Anon, if you’ve read much of my blog, you also realize that berating me on behalf of the victims of Orcas is ridiculous. Go count how many times I’ve mentioned the victims of Orcas… and of Camano… and others. Or, better yet, since you’re here, go talk to them. There are still several on my list to go, but other than those, I’ve already talked to or requested interviews with all the rest of the crime victims here in order to tell their stories.

You say: “I have believed from the git-go that you have a sympathic propensity for the Barefoot Bandit.”

I think I’ve explained, probably to the point of boring the readers, what I believe is necessary to understand this story. It’s the same thing you need to understand anything that involves other people: Empathy. That goes for everyone involved or you have no hope in understanding anything and certainly no hope of telling a story that's fair to everyone involved. And I doubt I’ve ever mentioned the word empathy without saying that I empathize with the victims.

It’s interesting that I’ve taken heat from people on both sides of this. I’ve never tried to convince anyone to either love or hate Colton Harris-Moore. My job, as I see it, is to tell this story using facts with as much context as possible. Colton didn’t spring to life as a 17-year-old airplane thief. He came from somewhere, he interacted with people all his life, he was part of our society. That’s part of the story, as are the crimes, the victims, the chases, the capture. 

I’ll tell the story, the unfiltered good, bad and ugly on both sides. That’s the only way anyone will be able to make a reasonable decision about how they feel about all this, and the only way to have a rational discussion of all these issues that Colton’s story touches on. Facts.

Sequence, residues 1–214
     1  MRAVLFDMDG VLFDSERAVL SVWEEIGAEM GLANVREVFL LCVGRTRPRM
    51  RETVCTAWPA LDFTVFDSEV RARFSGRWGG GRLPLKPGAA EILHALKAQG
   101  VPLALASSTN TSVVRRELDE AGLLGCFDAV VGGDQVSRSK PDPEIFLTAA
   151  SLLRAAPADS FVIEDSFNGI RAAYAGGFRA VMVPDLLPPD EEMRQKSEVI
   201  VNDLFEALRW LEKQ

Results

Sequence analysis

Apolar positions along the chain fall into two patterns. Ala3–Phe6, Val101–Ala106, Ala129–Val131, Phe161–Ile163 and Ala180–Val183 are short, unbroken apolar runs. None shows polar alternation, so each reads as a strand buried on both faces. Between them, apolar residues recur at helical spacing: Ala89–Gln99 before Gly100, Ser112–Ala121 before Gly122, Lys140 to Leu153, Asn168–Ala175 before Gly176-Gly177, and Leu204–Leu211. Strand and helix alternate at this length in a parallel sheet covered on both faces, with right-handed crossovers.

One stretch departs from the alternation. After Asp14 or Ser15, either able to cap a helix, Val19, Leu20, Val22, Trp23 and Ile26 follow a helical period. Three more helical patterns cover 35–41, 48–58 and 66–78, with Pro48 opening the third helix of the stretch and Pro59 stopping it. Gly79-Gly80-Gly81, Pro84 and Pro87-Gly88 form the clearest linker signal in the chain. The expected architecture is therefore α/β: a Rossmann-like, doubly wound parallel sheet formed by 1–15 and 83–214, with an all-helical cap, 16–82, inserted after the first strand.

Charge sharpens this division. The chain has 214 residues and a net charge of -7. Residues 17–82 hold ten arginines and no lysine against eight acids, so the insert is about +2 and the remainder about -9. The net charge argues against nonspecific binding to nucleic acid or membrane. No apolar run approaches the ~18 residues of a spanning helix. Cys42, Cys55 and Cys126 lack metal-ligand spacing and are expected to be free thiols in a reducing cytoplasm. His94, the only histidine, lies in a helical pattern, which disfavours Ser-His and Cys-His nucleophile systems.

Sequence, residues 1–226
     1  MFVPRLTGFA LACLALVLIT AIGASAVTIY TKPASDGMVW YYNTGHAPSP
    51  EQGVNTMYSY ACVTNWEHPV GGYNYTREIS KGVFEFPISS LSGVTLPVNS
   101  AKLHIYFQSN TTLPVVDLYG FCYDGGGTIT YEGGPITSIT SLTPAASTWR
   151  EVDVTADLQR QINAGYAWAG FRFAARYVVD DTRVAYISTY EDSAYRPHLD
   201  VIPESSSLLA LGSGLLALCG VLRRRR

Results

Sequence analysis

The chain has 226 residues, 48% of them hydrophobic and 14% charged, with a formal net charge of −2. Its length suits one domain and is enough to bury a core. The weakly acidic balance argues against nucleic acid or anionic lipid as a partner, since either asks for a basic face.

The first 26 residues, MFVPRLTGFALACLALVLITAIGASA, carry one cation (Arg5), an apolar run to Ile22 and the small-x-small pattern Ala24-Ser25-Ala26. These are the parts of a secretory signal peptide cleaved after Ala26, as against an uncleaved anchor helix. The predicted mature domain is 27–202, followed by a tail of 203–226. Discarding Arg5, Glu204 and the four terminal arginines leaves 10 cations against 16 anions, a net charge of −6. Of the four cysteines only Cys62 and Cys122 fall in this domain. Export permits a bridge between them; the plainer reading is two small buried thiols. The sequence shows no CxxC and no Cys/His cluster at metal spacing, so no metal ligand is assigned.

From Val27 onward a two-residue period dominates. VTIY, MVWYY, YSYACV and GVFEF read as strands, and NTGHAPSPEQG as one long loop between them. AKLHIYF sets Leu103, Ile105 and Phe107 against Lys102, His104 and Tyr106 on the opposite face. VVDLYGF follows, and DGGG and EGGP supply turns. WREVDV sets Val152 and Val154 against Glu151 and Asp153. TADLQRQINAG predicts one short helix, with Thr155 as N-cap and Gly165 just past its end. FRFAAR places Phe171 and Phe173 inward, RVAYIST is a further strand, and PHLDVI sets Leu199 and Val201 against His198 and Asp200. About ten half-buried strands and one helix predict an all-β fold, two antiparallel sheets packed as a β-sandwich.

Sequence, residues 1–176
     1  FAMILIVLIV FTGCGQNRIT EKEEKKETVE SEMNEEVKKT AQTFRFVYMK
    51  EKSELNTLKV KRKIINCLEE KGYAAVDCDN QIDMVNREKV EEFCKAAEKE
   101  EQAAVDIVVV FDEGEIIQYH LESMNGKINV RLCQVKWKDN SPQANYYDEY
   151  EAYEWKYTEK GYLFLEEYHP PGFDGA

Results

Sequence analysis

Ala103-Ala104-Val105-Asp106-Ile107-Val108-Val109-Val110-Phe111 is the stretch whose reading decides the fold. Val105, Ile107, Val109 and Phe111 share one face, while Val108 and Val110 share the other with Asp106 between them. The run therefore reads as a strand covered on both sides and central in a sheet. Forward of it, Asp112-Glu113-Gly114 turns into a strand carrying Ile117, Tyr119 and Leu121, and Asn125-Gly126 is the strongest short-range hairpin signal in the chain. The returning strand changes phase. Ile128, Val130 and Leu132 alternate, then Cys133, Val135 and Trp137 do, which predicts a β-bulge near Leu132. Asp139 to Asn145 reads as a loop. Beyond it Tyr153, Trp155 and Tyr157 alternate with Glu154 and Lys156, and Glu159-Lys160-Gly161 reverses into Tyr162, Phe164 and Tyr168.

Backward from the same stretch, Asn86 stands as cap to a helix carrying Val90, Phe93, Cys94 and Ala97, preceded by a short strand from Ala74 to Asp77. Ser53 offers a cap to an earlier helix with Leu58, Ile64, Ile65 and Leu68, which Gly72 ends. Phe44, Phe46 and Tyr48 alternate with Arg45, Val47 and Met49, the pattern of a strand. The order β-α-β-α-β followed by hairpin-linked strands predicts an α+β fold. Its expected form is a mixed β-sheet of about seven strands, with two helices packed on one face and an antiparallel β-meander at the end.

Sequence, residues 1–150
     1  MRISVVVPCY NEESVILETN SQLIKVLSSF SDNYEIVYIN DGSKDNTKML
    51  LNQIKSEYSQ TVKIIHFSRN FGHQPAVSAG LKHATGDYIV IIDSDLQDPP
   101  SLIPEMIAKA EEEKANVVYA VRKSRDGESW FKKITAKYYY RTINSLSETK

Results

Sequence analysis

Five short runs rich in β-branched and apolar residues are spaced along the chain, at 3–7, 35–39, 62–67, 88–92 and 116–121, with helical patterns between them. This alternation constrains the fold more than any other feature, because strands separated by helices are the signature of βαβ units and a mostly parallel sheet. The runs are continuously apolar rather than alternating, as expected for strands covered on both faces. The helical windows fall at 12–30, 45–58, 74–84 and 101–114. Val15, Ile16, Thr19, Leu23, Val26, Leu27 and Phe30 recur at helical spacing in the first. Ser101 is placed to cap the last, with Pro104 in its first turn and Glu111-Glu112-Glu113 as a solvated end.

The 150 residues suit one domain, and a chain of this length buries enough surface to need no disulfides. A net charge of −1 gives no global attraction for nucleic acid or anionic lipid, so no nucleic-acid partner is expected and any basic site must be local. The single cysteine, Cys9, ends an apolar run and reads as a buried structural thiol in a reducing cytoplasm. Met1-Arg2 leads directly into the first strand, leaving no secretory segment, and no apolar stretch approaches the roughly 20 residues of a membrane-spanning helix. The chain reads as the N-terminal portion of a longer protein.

And lastly, ascribing a profit motive to anything I’ve done or not done is also ridiculous. This is what I do for a living — and have been doing it for 25 years. I’m a writer. I’m writing. I’m not a roofer who suddenly said “Yee haw, I’m gonna write me a book ‘bout this barefootin’ feller and make me a bazillion bucks!” [And that’s no offense to roofers… Back in Philadelphia I worked four college summers as a roofer. And none of them ever said “Yee haw.” Maybe one said “Yo haw” (that’s a Philly joke).] My book advance, spread over the amount of time I’ll be working on this project, puts me squarely in the middle class (which as you know, Anon, is lower middle class on Orcas).

Wow, this is a long, whiny post. Sorry for that. And I still didn’t get to the one actual interesting question: Why did Colt go to the Bahamas? The obvious answer is that it’s a huge conspiracy to sell newspapers, books and Caribbean vacations. Colt’s answer, of course, is that it’s because his research told him that the islands of the Bahamas have a lot of airfields and marinas, and few police officers. And he was right; those are facts.